Cisco will ship boxes to vacant addresses in a bid to foil the NSA, security chief John Stewart says.
The dead drop shipments help to foil a Snowden-revealed operation whereby the NSA would intercept networking equipment manufactured by Cisco and install backdoors before the devices reached customers.
The interception campaign was revealed last May.
Speaking at a Cisco Live press panel in Melbourne today, Stewart says they will ship to fake identities for its most sensitive customers, in the hope that the NSA’s interceptions are targeted.
“We ship [boxes] to an address that’s has nothing to do with the customer, and then you have no idea who ultimately it is going to,” Stewart says.
“When customers are truly worried … it causes other issues to make [interception] more difficult in that [agencies] don’t quite know where that router is going so its very hard to target – you’d have to target all of them. There is always going to be inherent risk.”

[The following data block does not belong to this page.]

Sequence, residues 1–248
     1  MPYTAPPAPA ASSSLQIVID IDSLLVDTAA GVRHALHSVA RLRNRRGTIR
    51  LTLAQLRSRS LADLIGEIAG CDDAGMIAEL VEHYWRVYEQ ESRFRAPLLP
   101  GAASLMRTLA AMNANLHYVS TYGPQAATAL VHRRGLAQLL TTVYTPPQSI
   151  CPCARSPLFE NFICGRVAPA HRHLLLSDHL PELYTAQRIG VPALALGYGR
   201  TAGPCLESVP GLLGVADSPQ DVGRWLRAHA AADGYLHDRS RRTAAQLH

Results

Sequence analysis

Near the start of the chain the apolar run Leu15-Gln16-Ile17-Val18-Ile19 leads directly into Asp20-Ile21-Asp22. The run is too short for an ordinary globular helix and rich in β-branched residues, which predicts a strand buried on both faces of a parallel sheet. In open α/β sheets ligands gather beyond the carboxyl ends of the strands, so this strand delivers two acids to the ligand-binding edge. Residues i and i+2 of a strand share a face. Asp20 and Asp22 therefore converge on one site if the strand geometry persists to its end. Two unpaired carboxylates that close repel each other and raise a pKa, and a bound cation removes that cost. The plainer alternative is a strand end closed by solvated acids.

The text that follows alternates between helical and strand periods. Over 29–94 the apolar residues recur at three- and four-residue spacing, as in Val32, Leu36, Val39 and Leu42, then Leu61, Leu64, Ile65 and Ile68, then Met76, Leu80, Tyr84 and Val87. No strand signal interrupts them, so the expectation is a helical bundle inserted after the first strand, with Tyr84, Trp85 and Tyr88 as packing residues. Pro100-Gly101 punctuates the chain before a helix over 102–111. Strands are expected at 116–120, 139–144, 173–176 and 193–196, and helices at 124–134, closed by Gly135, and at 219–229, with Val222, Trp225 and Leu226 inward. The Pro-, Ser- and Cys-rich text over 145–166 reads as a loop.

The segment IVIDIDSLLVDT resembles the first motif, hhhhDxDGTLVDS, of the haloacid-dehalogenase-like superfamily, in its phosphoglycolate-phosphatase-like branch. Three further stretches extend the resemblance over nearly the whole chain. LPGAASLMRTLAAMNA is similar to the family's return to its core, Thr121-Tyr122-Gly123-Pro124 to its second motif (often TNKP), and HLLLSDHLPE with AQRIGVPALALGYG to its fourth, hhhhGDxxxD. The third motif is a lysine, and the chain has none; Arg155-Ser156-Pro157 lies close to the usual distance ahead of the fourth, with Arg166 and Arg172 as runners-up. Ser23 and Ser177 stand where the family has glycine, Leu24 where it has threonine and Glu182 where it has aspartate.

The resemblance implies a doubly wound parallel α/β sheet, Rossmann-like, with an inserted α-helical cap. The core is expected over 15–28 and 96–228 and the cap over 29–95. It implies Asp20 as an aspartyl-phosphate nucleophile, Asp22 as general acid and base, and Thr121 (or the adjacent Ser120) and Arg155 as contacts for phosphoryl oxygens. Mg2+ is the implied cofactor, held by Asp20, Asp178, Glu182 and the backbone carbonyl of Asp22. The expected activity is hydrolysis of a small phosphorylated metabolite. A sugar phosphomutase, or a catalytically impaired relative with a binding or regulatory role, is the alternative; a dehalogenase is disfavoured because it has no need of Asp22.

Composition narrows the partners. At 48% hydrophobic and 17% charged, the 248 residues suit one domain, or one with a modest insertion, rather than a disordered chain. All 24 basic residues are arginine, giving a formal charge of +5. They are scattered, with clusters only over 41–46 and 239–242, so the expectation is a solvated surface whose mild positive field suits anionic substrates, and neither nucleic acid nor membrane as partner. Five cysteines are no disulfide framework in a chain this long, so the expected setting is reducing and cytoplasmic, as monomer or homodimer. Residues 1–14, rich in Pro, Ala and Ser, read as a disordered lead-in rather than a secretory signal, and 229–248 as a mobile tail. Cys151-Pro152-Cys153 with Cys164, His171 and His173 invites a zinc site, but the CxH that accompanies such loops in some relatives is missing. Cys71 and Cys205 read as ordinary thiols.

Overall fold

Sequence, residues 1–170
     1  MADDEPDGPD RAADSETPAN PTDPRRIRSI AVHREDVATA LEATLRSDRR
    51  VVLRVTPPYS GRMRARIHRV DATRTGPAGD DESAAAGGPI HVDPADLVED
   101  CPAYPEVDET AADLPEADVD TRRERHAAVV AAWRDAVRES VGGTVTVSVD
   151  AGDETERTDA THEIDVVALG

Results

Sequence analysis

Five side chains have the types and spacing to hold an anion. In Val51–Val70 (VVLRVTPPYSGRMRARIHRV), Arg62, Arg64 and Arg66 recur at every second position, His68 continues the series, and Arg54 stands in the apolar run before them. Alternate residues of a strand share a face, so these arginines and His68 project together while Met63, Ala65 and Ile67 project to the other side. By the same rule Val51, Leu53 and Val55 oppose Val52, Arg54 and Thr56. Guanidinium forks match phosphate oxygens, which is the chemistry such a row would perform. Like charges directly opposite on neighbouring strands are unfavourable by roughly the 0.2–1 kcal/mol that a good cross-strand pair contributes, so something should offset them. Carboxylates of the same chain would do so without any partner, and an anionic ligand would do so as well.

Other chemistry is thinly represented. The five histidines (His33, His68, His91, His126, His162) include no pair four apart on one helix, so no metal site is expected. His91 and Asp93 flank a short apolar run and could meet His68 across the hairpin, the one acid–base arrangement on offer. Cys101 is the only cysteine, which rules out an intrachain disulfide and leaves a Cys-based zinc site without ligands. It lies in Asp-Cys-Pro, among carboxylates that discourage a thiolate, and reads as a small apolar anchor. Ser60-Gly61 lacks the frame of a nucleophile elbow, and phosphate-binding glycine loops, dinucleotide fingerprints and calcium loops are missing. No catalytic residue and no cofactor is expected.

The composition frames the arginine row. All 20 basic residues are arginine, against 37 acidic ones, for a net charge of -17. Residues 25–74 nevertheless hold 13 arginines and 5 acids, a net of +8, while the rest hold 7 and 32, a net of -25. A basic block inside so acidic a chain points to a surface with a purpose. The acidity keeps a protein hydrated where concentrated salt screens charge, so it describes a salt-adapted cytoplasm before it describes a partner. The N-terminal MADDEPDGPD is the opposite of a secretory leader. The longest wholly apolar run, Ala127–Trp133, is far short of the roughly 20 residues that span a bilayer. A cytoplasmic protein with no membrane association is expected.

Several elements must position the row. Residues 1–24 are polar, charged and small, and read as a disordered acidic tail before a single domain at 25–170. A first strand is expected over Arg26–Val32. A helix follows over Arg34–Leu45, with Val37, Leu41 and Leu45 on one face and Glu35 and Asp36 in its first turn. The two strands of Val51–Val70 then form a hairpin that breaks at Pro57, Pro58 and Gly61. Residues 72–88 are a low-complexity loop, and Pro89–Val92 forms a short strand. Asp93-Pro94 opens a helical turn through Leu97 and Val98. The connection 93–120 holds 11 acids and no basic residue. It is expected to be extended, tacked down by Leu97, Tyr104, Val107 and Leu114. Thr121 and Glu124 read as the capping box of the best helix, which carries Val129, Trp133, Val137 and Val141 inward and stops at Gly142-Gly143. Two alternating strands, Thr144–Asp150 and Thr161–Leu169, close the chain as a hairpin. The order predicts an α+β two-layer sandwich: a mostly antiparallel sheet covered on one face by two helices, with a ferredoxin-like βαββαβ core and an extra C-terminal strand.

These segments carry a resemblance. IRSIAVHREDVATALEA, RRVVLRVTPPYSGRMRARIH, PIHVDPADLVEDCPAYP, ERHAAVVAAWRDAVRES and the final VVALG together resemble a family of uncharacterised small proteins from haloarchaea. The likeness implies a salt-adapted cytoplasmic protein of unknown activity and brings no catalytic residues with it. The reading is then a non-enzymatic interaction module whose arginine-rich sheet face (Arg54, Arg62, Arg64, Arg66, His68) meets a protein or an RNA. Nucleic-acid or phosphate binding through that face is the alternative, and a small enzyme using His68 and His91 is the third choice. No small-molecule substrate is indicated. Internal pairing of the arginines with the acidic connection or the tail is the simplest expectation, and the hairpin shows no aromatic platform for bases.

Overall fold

Stewart says some customers drive up to a distributor and pick up hardware at the door.
He says nothing could guarantee protection against the NSA, however. “If you had a machine in an airtight area … I stop the controls by which I mitigate risk when I ship it,” he says, adding that hardware technologies can make malicious tampering “incredibly hard”.
Of course, Cisco is also trying to figure out exactly who has NSA beacons already installed in their equipment, though it’s hard for them to tell since they have no idea what the NSA’s top secret technology. The company’s best bet is to ask customers to pick up the equipment directly from the factory or ship it to an empty house, as if it were some sort of drug deal. Because this is what surveillance in America has come to.
After the hacking campaign Cisco boss John Chambers wrote a letter to US President Barack Obama saying the spying would undermine the global tech industry and damage the reputation of his company.